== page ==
There are omissions which I have tried to explain, there will be mistakes found over time and I hope we can end up with a common database that can be added to and developed!


Ireland is an interesting case due to the dramatic changes the country underwent with a rapidly rising economy and then a rapidly declining economy along with two important tax rebates for micro-breweries producing under 20,000 hectolitres in 2005 and a recent increase in the threshold to 30,000 hectorlitres in 2015.

The size of Ireland allows for a rather concise and complete study of this type with a total of 70 brewing brands accounted for since the 1980's. We will refer the companies as brewing brands rather than breweries or brewers as some have their beer contract brewed in Ireland. The Island has been through a similar experience to the UK and other nations in that the micro-brewery scene has at first suffered from the dominance of global brewing conglomerates with the 90's facing stagnation as start-ups come and go and growth in the 00's.

 The total breweries that sufficient data was collected on the island of Ireland is shown in Fig 1, from the earliest recorded entry 1981, where only 1 brewery is recorded, to the end of this surveys time-scape 2014 where 36 breweries were recorded.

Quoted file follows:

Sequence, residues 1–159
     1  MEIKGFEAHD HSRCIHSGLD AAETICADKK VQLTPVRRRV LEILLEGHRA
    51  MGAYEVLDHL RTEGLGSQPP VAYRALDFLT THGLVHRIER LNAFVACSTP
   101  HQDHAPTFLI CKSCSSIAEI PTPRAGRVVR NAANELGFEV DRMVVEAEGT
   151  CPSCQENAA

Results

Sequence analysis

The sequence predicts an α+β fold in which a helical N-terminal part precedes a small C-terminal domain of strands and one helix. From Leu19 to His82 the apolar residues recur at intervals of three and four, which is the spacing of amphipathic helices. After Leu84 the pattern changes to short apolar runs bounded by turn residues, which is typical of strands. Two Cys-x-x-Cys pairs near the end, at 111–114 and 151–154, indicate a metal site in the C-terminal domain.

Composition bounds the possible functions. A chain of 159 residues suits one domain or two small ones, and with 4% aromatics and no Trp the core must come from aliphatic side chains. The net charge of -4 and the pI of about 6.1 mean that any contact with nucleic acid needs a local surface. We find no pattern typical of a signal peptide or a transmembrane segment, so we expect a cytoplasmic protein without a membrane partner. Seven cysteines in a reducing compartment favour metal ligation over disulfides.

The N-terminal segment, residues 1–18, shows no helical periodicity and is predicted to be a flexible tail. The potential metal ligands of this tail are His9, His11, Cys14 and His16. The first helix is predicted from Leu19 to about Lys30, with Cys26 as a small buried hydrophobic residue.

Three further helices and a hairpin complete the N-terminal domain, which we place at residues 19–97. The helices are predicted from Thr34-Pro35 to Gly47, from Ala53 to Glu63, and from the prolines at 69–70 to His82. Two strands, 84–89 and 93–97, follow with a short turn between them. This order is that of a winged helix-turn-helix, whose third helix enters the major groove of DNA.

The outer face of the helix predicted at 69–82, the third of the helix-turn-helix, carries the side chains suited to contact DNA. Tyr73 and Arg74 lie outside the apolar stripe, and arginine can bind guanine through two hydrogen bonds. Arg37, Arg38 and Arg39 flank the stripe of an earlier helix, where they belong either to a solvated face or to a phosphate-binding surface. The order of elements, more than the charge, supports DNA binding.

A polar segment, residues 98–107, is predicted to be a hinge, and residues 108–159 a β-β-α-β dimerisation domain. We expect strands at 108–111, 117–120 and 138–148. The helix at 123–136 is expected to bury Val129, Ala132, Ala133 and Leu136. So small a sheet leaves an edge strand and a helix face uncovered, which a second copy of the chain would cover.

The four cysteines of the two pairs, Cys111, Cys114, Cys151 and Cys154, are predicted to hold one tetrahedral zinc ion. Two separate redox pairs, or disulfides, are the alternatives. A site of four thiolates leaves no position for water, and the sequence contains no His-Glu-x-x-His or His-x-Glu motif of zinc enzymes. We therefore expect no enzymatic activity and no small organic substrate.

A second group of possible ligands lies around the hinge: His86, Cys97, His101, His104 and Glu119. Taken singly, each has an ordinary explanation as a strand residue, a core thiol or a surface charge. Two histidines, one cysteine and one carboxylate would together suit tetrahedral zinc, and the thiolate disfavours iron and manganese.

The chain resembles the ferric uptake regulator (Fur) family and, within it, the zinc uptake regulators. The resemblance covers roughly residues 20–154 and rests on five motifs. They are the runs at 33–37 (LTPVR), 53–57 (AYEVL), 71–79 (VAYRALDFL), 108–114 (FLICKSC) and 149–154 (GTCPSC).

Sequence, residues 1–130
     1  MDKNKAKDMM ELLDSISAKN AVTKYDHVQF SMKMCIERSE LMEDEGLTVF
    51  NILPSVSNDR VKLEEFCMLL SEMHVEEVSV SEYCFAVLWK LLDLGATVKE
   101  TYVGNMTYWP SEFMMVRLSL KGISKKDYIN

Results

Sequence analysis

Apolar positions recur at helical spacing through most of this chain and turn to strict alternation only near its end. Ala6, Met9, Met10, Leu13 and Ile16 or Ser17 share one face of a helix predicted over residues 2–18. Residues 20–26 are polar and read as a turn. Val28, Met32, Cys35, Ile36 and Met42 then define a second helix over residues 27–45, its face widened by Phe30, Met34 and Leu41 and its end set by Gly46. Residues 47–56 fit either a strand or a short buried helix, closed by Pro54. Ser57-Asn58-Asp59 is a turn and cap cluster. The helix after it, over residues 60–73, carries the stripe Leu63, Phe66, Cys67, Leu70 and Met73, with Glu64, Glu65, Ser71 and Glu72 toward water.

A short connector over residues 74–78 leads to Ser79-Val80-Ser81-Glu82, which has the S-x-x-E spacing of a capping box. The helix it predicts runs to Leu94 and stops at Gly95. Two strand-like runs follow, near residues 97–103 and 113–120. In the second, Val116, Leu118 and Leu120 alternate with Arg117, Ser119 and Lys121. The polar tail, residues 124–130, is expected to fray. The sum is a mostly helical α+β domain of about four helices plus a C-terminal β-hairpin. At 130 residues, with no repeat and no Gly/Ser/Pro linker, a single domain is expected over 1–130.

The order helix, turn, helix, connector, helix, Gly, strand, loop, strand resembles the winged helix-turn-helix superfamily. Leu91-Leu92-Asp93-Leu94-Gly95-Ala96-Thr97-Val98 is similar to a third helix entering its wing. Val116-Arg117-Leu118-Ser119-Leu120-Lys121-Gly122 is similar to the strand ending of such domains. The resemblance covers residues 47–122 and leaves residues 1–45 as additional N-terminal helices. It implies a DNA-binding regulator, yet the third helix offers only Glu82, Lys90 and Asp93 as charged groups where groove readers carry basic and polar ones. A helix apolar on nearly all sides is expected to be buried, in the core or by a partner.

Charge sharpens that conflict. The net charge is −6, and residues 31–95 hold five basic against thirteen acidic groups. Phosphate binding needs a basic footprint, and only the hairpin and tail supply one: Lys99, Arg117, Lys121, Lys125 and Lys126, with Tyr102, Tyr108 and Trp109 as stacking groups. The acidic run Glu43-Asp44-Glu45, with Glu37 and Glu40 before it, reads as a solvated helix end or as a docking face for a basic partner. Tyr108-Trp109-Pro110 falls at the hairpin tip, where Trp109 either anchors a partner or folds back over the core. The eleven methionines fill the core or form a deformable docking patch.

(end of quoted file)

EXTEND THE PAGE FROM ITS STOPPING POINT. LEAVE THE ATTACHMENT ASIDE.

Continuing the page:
Fig 2 shows the level of beers in production over time starting with 1 in 1981 and ending with 135 in 2014.

I will try to update this project weekly, next time dealing with the body of data I have collected and what amount of that was complete enough to analyse. 

Thursday, 4 February 2016

Very happy to be featured on Trevor Conways PoemsInProfile project.

The poem is an older one previously published in Ropes which annually produced by the Masters in Literature and Publishing programme (circa 2009?) based in NUI Galway.

It was nice to have an older poem given fresh light- and the questions posed by Trevor really helped in opening up the poem, to myself and hopefully the readers.


Tuesday, 3 March 2015